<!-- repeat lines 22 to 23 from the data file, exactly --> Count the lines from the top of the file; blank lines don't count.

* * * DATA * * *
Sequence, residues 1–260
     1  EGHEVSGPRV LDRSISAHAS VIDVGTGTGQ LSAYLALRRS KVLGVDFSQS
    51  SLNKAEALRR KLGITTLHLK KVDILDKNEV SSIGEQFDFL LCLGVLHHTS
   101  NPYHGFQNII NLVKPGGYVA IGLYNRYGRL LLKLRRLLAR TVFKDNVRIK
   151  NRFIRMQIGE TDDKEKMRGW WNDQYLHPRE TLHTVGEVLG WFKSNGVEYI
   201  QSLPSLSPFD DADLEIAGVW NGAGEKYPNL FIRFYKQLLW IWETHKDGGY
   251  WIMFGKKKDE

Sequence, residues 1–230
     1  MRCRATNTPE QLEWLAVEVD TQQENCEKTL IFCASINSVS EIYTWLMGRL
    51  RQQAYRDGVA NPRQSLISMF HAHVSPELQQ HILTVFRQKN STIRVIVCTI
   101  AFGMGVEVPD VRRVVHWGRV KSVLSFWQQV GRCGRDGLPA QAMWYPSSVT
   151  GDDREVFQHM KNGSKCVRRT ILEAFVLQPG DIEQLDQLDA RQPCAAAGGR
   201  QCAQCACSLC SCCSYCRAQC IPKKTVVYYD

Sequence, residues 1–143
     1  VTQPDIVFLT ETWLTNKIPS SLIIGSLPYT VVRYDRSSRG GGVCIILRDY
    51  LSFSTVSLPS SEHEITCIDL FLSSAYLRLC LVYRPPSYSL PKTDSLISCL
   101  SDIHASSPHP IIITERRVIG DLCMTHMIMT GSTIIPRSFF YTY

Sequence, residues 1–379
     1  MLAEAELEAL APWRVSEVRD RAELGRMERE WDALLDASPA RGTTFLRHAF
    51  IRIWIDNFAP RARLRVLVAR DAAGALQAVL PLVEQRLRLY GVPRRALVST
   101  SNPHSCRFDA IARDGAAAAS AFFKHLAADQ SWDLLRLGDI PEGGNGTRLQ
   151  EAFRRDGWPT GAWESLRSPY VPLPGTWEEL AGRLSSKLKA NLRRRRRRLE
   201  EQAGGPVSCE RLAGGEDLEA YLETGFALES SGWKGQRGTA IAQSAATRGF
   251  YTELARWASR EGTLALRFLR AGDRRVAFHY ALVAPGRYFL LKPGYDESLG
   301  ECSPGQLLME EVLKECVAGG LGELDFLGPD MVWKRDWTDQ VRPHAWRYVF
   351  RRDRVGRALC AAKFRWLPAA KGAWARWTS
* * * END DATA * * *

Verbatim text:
   151  EAFRRDGWPT GAWESLRSPY VPLPGTWEEL AGRLSSKLKA NLRRRRRRLE
   201  EQAGGPVSCE RLAGGEDLEA YLETGFALES SGWKGQRGTA IAQSAATRGF